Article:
We hope you’re keeping safe. Unfortunately, we can’t have exhibitions at the gallery at the moment. But that doesn’t mean we can’t present interesting artworks to you. So, we’ll be sending you a series of themed show reels. The first, ‘No Distance’ is a look back at the time before social distancing using the artworks of
Uzo Egonu (1931 – 1996) An introspective, deeply private artist in his lifetime, Uzo Egonu’s reputation has grown steadily in Nigeria in the past decade or so. Part of the reason for this is the increased interest in the art of modernist pioneers like Ben Enwonwu, Abayomi Barber, Bruce Onobrakpeya, Yussuf Grillo, Jimo Akolo and
Since respect for elders is all the rage at the moment, we thought we’d praise the ultimate elder, Bruce Onobrakpeya – the storyteller of Agbarha-Otor, master printmaker, probably Nigeria’s most famous living artist, and certainly the most influential over the past 5 decades. The artwork ‘Musicians’, is a rare sketch on aluminium printer’s plate done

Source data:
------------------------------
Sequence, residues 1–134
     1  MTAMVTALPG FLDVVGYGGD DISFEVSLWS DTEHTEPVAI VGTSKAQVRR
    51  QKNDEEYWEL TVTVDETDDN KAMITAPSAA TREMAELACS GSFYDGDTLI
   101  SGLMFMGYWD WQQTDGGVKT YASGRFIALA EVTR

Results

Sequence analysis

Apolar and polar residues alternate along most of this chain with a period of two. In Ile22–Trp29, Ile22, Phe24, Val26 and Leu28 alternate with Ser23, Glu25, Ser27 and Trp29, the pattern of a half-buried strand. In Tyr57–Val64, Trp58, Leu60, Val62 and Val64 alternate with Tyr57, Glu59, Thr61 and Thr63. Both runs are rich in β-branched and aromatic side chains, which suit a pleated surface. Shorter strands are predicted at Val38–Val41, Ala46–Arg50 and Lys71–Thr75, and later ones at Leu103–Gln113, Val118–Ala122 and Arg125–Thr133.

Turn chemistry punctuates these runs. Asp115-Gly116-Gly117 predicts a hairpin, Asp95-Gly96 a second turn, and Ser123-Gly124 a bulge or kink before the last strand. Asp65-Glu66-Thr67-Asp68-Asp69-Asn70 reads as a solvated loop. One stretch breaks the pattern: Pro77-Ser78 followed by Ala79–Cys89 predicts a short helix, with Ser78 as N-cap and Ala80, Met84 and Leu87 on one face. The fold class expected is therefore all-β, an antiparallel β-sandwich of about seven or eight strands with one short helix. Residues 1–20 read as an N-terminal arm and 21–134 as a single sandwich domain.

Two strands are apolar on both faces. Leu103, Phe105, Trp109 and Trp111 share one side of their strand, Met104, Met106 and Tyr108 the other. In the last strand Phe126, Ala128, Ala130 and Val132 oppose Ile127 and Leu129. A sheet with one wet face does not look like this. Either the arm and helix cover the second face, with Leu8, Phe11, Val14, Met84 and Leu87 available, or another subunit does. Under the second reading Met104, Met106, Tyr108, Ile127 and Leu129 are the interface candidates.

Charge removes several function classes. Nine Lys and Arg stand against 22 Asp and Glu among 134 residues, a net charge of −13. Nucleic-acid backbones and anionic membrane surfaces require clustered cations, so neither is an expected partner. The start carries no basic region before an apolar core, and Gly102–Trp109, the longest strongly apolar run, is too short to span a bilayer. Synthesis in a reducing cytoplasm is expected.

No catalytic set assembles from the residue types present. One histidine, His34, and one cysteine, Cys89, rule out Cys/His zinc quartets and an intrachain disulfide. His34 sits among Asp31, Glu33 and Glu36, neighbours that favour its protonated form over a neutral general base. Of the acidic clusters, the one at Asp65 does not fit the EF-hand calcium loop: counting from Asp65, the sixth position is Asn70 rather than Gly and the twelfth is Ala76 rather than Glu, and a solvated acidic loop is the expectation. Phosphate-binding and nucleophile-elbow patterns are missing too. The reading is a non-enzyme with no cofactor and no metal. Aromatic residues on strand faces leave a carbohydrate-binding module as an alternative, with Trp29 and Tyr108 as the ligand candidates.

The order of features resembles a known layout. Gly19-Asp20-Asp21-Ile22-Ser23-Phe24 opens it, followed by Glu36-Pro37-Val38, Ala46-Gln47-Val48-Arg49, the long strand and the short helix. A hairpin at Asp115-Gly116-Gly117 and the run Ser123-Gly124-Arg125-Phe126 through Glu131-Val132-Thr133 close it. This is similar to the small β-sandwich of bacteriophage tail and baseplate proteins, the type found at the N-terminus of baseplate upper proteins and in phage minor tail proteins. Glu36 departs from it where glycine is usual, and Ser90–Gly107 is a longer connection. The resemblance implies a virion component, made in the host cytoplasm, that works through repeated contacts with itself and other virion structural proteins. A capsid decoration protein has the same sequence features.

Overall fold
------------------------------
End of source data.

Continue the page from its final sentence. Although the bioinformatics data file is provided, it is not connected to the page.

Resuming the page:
Text for The Master’s Exhibition Catalogue 2018 by Mydrim Gallery Masters as Servants Service There are no masters here. Not in a conventional sense, anyway. These are not wondrous, other-worldly beings floating in a bubble of their success. No, these are no masters. These are servant, when you think about it. They have toiled
Onobrakpeya says his father lived in Okeruvbu, a small town on the outskirts of Benin city, populated by Urhobo people. He would visit the town regularly and eventually did the etching ‘Okeruvbu’. The artwork was, in some way, a tribute to the town, his fond memories of his visits there and the inhabitants of the town.
We didn’t really talk about the artworks I’d come for. We just talked about art. Nothing serious. Just chitchat.
‘It’ll still take a while,’ he said.‘We still need to get to that point where people know they can resell their artworks.